were heart rate, blood pressure, perspiration, breathing, 
and digital blood flow. 

Weg (1975) chronicled age related physiological changes 
in her chapter "Changing physiology of aging, normal and 
pathological" in the text Aging . She mentioned those effects 
generally known such as decreases in brain electrical 
activity, heart rate, breathing rate, and perspiration rate 
and increases in blood pressure. She also said reaction to 
stress decreases with age at SNS stimulation because there 



•36- 



are concomitant changes in hormone levels such as adrena- 
line, noradrenaline, and corticords and thus changes in the 
activity of the organs affected. 

Although reaction to stress decreases, depression may- 
increase according to many researchers (Breslan and Haug , 
1983). Gaitz (1977) proposed that depression is the in- 
evitable consequence of the aging process. However, Bultena 
(1978), in his ten year study, rebutted depression as an 
inevitable consequence when he showed that those with younger 
self-images correlated high with favorable self -evaluations 
and that they were as happy as older people as they had been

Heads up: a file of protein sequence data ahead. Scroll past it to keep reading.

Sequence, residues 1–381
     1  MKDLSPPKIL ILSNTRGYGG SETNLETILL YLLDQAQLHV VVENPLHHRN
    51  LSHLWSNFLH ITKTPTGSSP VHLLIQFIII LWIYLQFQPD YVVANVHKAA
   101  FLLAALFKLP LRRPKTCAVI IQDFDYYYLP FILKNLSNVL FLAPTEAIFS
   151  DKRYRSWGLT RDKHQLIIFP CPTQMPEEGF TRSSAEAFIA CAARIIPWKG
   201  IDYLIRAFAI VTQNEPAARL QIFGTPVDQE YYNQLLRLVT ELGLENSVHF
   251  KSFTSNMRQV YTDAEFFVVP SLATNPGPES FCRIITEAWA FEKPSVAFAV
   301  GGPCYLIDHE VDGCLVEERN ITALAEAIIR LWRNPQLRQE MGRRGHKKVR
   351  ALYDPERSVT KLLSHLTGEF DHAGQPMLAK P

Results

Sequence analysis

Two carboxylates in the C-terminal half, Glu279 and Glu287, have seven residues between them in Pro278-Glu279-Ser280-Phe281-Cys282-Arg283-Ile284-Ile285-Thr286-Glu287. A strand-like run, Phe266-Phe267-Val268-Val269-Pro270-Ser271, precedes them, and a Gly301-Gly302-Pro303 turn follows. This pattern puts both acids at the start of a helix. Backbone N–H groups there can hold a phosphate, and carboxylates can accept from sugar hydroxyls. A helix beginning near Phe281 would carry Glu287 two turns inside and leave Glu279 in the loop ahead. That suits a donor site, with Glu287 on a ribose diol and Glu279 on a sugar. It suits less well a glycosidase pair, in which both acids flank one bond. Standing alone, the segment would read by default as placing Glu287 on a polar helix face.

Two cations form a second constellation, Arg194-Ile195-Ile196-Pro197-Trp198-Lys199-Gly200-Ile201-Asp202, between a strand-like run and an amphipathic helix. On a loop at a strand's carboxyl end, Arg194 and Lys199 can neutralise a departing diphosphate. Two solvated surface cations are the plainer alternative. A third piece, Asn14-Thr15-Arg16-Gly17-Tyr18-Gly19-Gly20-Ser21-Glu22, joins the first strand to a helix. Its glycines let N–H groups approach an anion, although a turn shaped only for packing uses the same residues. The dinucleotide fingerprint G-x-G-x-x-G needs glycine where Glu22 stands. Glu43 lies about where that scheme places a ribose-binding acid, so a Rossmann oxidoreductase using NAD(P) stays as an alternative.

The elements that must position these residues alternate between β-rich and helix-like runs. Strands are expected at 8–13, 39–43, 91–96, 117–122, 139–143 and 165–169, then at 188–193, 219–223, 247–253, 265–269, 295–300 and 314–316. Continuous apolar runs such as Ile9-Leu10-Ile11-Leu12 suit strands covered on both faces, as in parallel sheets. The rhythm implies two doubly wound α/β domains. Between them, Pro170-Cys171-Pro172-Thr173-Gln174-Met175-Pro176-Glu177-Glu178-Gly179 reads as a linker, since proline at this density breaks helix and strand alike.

as younger people. 

Wortman and Loftus (1981) further refute inevitable 
depression by reporting that they found the aged either 
extremely happy or extremely unhappy. Their findings also 
seem to concur with the decrease in women's suicide with 
aging ("Vital Statistics of the United States," Mortality , 
Volume II, 1979). This is so because if depression is an 
inevitable consequence of aging one would not be expected 
to find extremely happy older people or decreases in suicide 
rates. However this is a very complex phenomenon since 
many older people are extremely depressed and there has 
been an increase in suicide rate for aging men ( Mortality , 
Volume II, 1979). 

Perhaps one of the most important findings for the aged 
was that active coping strategies increase physiological 
arousal but were associated with lower psychological perception 



■37- 



of anxiety and stress (Miller et al., 1970). This latter 
infers that older people who remain active may suffer less 
anxiety and stress, and with further inference, less depres- 
sion. 

Palmore (1982) in the Duke twenty- five year longitudinal 
study found that several variables were instrumental in 
predicting longevity. For men, health self-rating, work